More than 9 million Canadians are living with diabetes or prediabetes, and yet it continues to be one of the most misunderstood conditions
MONTREAL, Nov. 8, 2012 /CNW/ - In response to a recent survey showing that 49% of Canadians are unaware of the important role insulin plays in helping their body convert glucose (sugar) into energy:
The Sanofi Insulin GO7 team is hosting an interactive lounge at the Jewish General Hospital on World Diabetes Day (November 14, 2012 between 9 am and 12 pm, first floor main entrance (Côte-Sainte-Catherine) in front of Pavilion C elevators) to educate Montrealers about insulin and the crucial role that it plays in the way people can feel on a daily basis.
The educational lounge will feature:
- Onsite Insulin Experts — available to answer questions about insulin and provide tips and advice for effectively managing blood glucose levels
- Free A1C Testing Station — have an A1C test done and find out what the number means
- iPad Learning Pods — onsite iPads featuring an interactive insulin learning session
- Insulin Myths vs. Realities — debunking the common myths and misconceptions that have made diabetes one of the most misunderstood diseases
The Sanofi Insulin GO7 team asks Montrealers if they know their blood sugar levels
The cornerstone of diabetes management is managing blood sugar levels. While there is currently no cure for diabetes, taking control of blood sugar levels through a combination of exercise, nutrition and, if required, medication may reduce the risk of long term complications of diabetes and help in living a full and healthy life.
Facts on Insulin (in the simplest possible terms…)
Insulin is a hormone produced by the pancreas that circulates through the bloodstream to facilitate the uptake of sugar (glucose) into the body's tissues — safely delivering it to areas that need to use it for energy, such as the liver and muscles. Without insulin, a person's body would starve because the glucose will stay in the bloodstream and not get to where it needs to be.
Sugar in the bloodstream
If there is not enough insulin produced by the pancreas, or if the insulin is not effective, too much sugar accumulates in the bloodstream which can be extremely harmful, potentially even deadly. Continuously high levels of sugar also make it impossible for the pancreas to secrete enough insulin for the body to keep up.
Without enough insulin to escort it into the body tissue, sugar builds up in the bloodstream and causes a number of problems in both the large and small blood vessels of the body, damaging the eyes, kidneys, nerves, feet, heart and brain.
How to tell if there is too much sugar in the bloodstream?
In addition to measuring blood sugar levels pre and post meals, an A1C test is used to measure the average blood sugar level. It provides a snapshot of how well the blood sugar control has been over the past 2-3 months. For most people living with diabetes, the recommended A1C level is 7.0 or less. Anything higher than 7.0 means that (for most people with diabetes) the blood sugar levels are too high and there is an increased risk for long term complications of diabetes.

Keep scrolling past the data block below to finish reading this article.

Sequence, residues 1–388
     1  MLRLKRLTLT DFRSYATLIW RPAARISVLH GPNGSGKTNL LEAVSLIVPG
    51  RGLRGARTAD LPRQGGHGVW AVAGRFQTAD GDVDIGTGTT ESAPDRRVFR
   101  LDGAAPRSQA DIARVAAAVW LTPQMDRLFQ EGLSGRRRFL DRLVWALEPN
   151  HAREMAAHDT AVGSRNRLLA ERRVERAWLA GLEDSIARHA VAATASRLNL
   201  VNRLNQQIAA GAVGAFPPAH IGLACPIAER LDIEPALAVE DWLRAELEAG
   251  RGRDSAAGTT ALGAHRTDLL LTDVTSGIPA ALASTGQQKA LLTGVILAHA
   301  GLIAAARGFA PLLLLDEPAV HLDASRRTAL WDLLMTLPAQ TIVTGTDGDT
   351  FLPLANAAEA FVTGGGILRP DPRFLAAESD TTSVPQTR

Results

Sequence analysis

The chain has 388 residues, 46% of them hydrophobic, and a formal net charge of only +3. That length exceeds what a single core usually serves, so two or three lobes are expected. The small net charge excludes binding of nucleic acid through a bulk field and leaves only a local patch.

Sanofi, a global and diversified healthcare leader, discovers, develops and distributes therapeutic solutions focused on patients' needs. Sanofi has core strengths in the field of healthcare with seven growth platforms: diabetes solutions, human vaccines, innovative drugs, consumer healthcare, emerging markets, animal health and the new Genzyme. Sanofi is listed in Paris (EURONEXT: SAN) and in New York (NYSE: SNY).
Sanofi companies in Canada include Sanofi Canada (pharmaceuticals), Sanofi Pasteur (vaccines), Sanofi Consumer Health (health and beauty), Genzyme (rare diseases) and Merial (animal health). Together they employ more than 1,700 people across the country. In 2011 Sanofi companies invested $151.7 million in R&D in Canada, creating jobs, business and opportunity throughout the country.
About Jewish General Hospital
In providing Care for All, the Jewish General Hospital has been a mainstay of superior medical treatment for many generations of patients from all backgrounds in Montreal, throughout Quebec and beyond. Drawing on its expertise and experience as one of the province's largest and busiest acute-care hospitals, the JGH is committed to improving the level of care for all Quebecers through close collaboration with the government and its healthcare network. The Jewish General Hospital has also redoubled its commitment to ensuring that patients receive care of the highest quality in a clean, safe environment. The JGH has been able to deliver these pioneering and innovative services by strengthening its role as a McGill University teaching hospital, expanding and upgrading its facilities, and pursuing cutting-edge studies at the Lady Davis Institute for Medical Research. For more, please visit jgh.ca.
SOURCE: SANOFI CANADA
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